Comfortable in your own skin: becoming a trainee therapist of colour in the context of internalised racism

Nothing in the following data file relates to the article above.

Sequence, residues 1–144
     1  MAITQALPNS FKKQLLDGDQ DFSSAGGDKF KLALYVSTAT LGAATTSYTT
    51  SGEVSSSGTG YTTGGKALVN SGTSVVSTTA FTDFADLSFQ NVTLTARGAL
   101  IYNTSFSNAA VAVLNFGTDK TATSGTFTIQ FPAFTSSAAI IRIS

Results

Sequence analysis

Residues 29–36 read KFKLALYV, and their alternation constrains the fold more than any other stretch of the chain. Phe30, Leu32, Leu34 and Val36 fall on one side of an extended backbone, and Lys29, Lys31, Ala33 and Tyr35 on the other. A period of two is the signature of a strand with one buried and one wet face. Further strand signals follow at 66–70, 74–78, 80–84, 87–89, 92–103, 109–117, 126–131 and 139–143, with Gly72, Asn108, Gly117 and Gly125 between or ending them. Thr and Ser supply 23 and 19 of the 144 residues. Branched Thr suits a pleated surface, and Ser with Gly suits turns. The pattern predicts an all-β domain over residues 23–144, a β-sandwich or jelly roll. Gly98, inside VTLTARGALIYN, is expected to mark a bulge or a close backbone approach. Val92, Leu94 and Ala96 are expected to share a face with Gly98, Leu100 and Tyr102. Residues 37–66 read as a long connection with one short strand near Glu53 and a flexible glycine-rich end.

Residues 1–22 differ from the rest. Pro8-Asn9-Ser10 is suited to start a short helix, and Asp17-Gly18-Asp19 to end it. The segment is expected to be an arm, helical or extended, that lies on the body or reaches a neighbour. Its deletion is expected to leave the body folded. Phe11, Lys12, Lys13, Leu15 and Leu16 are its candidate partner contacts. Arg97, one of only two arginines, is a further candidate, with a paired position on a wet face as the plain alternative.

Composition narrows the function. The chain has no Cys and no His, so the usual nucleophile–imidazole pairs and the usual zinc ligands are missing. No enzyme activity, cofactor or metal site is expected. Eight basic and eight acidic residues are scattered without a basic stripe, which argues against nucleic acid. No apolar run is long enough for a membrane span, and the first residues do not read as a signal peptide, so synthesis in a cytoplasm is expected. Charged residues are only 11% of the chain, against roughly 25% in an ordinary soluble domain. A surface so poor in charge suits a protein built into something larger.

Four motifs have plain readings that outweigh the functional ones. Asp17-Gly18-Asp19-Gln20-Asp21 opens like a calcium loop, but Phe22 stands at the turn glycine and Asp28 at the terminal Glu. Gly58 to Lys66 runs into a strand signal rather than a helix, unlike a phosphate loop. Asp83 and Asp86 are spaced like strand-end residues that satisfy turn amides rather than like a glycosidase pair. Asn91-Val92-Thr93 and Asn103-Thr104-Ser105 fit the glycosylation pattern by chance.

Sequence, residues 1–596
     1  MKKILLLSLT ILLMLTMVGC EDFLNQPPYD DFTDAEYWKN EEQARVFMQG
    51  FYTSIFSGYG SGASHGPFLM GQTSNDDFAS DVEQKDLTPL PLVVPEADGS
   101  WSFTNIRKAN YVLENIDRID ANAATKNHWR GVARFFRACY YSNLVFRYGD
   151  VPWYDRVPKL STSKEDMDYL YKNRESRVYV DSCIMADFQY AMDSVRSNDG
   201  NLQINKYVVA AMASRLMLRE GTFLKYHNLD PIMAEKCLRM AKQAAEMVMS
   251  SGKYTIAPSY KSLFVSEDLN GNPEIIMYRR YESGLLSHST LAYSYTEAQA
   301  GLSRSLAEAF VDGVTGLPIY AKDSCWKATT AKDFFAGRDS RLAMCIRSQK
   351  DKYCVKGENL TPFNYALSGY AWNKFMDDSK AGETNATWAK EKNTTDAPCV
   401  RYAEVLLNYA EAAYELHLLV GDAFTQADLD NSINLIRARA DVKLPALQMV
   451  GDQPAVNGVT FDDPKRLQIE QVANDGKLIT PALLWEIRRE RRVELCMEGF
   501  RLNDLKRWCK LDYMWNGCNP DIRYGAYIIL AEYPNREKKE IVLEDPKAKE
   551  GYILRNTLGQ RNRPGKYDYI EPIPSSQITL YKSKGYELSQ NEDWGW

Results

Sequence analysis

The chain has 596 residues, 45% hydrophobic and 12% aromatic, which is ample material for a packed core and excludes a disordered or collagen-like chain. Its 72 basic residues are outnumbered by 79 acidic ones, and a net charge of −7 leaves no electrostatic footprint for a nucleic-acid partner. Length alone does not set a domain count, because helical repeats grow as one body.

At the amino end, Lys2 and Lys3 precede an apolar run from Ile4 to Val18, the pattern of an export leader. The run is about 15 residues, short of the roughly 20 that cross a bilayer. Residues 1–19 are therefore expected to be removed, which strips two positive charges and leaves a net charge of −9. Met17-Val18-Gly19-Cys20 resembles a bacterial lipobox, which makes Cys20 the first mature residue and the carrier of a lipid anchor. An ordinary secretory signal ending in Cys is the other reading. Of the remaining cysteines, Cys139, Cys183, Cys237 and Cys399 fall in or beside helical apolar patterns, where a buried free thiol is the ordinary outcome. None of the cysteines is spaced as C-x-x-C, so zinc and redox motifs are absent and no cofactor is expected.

The thesis explores how internalised racism and a sense of professional identity of a therapist of colour affect each other when starting counselling practice with white clients. The fundamental concepts of the research are race, internalised racism, racial identity, professional identity and the dynamic of racial identity and professional identity in therapy. Autoethnography is the methodological approach that is used to comprehend experiences of internalised racism and professional identity. The autoethnographic approach is used in multiple ways through a layered account that moves back and forth in time, and inward and outward between self and culture, demonstrating how early encounters with racism during childhood in Thailand interact with the experience of starting therapeutic practice with white clients in Scotland. The goal is to facilitate readers’ understanding of, and empathy with, the experiences of a therapist of colour who has internalised racism. Frantz Fanon’s (1952/1991) work on internalised racism and the psychodynamic concepts of transference, countertransference and projection are the main conceptual resources employed to analyse the experiences narrated. The thesis demonstrates that internalised racism influences a therapist of colour to perform whiteness, collude with white clients in denial of racial difference, avoid challenging racial issues in sessions, require white clients’ reassurance to prove the therapist’s competence, and try to disprove white clients’ prejudgements about the therapist due to the therapist’s race.
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